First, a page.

Memorable Manitobans: Ralph Humphreys Webb (1886-1945)
Born on a British liner sailing between England and India in 1886, son of Mr. and Mrs. H. Webb, he was educated at Westminster (England). He came to Canada in 1902 and to Winnipeg in 1906. He operated his own lumber business until he went overseas in August 1914 as a lieutenant. He had a distinguished military career in the First World War, as a Lieutenant-Colonel commanding the 47th Battalion, and lost a leg to a shell. He received the Military Cross, Order of the British Empire, Distinguished Service Order, Croix de Guerre, and King George V Jubilee Medal (1935).
On his return to Winnipeg in the 1920s, he managed the Marlborough Hotel and was noted for attempting to attract conventions to Winnipeg and for publicizing the city as a tourist destination. He was Mayor of Winnipeg from 1925 to 1927 and from 1930 to 1934. He was elected MLA in 1932 and re-elected in 1936. In 1939 he was appointed to organize the Canadian army’s catering and messing services, and he spent the Second World War in the quartermaster-general’s department at Ottawa.
In 1905, he married Maude Somerfelt (?-?) of Toronto, Ontario with whom he had three children: Gwendoline Webb (1906-?), Roland Webb (1911-?), and Phyllis Webb (1913-?, wife of Otto Pelham).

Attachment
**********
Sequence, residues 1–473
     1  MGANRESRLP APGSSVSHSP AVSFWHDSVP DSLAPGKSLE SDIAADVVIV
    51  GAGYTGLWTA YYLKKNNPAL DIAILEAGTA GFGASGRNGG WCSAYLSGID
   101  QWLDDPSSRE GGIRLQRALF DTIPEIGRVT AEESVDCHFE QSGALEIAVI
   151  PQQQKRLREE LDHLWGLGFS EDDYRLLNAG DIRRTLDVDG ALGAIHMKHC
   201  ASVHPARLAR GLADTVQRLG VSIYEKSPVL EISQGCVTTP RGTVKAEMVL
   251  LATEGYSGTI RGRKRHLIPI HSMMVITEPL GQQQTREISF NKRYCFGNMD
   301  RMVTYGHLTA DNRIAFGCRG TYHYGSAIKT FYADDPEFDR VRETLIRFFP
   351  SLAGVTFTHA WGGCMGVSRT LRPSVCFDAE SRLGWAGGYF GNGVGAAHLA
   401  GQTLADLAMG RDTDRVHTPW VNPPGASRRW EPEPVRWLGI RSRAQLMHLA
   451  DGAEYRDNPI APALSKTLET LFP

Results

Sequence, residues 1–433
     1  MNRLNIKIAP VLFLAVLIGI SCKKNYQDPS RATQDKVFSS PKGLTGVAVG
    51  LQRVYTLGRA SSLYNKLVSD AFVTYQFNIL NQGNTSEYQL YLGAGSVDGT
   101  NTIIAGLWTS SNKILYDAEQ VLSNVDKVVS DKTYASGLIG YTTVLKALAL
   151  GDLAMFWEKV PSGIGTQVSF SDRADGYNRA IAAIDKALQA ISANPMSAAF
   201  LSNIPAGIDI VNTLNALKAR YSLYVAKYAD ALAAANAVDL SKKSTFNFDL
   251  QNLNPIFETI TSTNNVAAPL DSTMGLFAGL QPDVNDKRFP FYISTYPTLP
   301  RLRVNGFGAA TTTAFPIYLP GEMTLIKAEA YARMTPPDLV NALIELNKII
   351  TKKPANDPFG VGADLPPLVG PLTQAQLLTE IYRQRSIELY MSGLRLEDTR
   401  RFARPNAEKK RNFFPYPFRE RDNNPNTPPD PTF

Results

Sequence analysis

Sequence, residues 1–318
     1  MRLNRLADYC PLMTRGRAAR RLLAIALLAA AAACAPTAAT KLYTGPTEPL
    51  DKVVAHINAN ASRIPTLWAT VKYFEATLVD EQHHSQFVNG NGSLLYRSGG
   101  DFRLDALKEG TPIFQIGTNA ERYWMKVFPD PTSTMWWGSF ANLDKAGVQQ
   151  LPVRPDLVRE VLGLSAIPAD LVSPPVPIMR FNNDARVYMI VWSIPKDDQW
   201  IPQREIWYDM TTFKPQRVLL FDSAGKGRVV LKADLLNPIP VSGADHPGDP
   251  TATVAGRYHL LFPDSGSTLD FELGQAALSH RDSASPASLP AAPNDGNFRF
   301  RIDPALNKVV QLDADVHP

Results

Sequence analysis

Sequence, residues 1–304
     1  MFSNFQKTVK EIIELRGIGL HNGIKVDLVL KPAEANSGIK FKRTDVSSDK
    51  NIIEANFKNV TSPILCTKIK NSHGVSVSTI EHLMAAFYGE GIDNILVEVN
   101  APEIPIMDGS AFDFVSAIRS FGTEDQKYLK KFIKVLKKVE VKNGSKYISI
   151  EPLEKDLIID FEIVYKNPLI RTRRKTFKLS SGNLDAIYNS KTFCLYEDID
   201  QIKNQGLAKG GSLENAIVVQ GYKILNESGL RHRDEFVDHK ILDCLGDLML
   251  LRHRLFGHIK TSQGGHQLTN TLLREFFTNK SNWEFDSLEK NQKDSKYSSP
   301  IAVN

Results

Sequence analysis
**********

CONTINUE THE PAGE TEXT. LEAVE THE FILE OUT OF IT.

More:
He died at Ottawa, Ontario on 1 June 1945 and was buried in the St. John’s Cathedral Cemetery. He is commemorated by Webb Place in Winnipeg and the Rawebb siding on the Wekusko Subdivision of the Hudson Bay Railway. His official portrait was painted by artist Louie Belrose Alexander.
1926 Canada census, Library and Archives Canada.
Pioneers and Prominent People of Manitoba, Winnipeg: Canadian Publicity Company, 1925.
“King to honor many Manitoba men and women,” Winnipeg Free Press, 4 May 1935, page 1.
“Col. Ralph Webb dies in Ottawa,” Winnipeg Free Press, 2 June 1945, page 1.
“Col. Webb a natural leader,” Winnipeg Free Press, 17 October 1964.
We thank Oliver Bernuetz (Legislative Library of Manitoba) for providing additional information used here.
This page was prepared by Gordon Goldsborough.
Page revised: 12 August 2023